Renegotiating your salary? Read this first

Renegotiating your salary? Read this first
20 June 2013

When negotiating for a salary, most of us reach for a nice, round number like AED200,000, or AED260,000 or AED830,000

But by favouring all those zeros, we may be missing an opportunity to obtain a better deal, according to a new paper from researchers at Columbia Business School. They found that using more precise numbers in an initial request -or anchor, as it is known in negotiating phraseology - generally results in a higher final agreement.

Be precise

Precision conveys the impression that the job candidate has done extensive research and deeply understands the market for their services, said Malia Mason, the lead author of the paper and a professor at Columbia who teaches a course on managerial negotiations. When people use round numbers, by contrast, they’re conveying that they have only a general sense of the market rate for their skills.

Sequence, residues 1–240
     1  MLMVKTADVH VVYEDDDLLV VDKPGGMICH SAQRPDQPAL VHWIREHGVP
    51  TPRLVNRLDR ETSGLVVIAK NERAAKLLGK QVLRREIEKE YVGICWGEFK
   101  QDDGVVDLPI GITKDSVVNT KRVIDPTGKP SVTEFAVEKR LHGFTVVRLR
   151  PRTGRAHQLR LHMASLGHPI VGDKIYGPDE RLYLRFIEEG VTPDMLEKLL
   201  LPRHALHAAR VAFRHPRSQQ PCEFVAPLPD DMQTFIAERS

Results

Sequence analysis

Don’t round up to the nearest zero

In one experiment, the researchers had 130 sets of people negotiate the price of a used car. When buyers suggested a round anchor, they ended up paying an average of US$ 2,963 more than their initial offer. But buyers who suggested a precise number for a first offer paid only US$ 2,256 more, on average, than that number in the end.

When it comes to negotiating salary, Mason’s research indicates that a job candidate asking for AED 430,550 might receive a counteroffer of AED 420,000, while the request for AED450,000 is more likely to yield a counteroffer of, say, AED400,000, as the hiring manager assumes the candidate has thrown out a broad ballpark estimate.

Have you renegotiated lately? Were you successful? Tell us how it went. 

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Head of Behavioral Finance
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